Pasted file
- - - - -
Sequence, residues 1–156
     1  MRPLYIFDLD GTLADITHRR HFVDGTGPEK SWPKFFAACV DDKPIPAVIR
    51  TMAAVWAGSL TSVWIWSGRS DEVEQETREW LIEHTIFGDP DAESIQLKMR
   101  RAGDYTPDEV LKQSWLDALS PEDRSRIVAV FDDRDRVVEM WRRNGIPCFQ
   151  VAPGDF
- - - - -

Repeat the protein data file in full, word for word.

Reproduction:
Sequence, residues 1–156
     1  MRPLYIFDLD GTLADITHRR HFVDGTGPEK SWPKFFAACV DDKPIPAVIR
    51  TMAAVWAGSL TSVWIWSGRS DEVEQETREW LIEHTIFGDP DAESIQLKMR
   101  RAGDYTPDEV LKQSWLDALS PEDRSRIVAV FDDRDRVVEM WRRNGIPCFQ
   151  VAPGDF